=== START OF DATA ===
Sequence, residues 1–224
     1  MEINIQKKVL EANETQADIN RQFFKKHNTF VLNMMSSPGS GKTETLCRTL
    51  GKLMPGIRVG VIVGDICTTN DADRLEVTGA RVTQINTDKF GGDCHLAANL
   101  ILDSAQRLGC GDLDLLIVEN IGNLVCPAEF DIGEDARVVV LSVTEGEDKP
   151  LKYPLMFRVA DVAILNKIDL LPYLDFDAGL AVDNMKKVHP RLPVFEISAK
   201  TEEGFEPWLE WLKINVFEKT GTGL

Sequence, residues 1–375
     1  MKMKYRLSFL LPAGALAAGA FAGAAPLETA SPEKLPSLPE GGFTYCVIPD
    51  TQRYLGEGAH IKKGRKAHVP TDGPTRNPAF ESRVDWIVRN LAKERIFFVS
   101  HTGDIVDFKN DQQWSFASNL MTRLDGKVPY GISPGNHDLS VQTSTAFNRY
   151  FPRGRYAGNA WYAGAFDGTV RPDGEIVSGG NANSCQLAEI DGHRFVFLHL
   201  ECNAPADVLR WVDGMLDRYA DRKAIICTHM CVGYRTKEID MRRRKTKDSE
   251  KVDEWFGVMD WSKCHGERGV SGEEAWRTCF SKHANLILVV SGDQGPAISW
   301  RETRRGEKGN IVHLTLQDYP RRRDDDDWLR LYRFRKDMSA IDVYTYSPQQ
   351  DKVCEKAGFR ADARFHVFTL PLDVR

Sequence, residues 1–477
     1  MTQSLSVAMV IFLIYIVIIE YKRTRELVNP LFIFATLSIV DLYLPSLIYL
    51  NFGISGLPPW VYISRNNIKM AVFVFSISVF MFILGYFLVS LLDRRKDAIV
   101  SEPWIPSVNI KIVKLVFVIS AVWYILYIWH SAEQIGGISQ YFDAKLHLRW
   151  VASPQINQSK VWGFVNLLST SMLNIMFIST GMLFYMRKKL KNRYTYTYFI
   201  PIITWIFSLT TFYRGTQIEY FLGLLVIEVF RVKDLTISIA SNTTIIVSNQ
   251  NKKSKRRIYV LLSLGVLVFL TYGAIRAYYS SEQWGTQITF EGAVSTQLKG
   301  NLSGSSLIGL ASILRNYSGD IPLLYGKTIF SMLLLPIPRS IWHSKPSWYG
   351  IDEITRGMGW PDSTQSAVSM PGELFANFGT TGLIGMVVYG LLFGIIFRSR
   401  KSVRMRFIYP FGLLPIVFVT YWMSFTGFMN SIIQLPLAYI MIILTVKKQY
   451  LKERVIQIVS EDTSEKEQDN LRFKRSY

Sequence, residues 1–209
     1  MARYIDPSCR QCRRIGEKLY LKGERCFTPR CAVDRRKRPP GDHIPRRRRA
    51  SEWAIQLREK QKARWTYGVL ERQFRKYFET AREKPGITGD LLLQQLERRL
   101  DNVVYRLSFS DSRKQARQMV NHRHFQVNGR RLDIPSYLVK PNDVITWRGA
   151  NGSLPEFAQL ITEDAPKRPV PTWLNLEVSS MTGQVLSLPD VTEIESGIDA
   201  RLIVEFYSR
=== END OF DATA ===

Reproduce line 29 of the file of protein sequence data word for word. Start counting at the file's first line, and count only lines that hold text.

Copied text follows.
    51  SEWAIQLREK QKARWTYGVL ERQFRKYFET AREKPGITGD LLLQQLERRL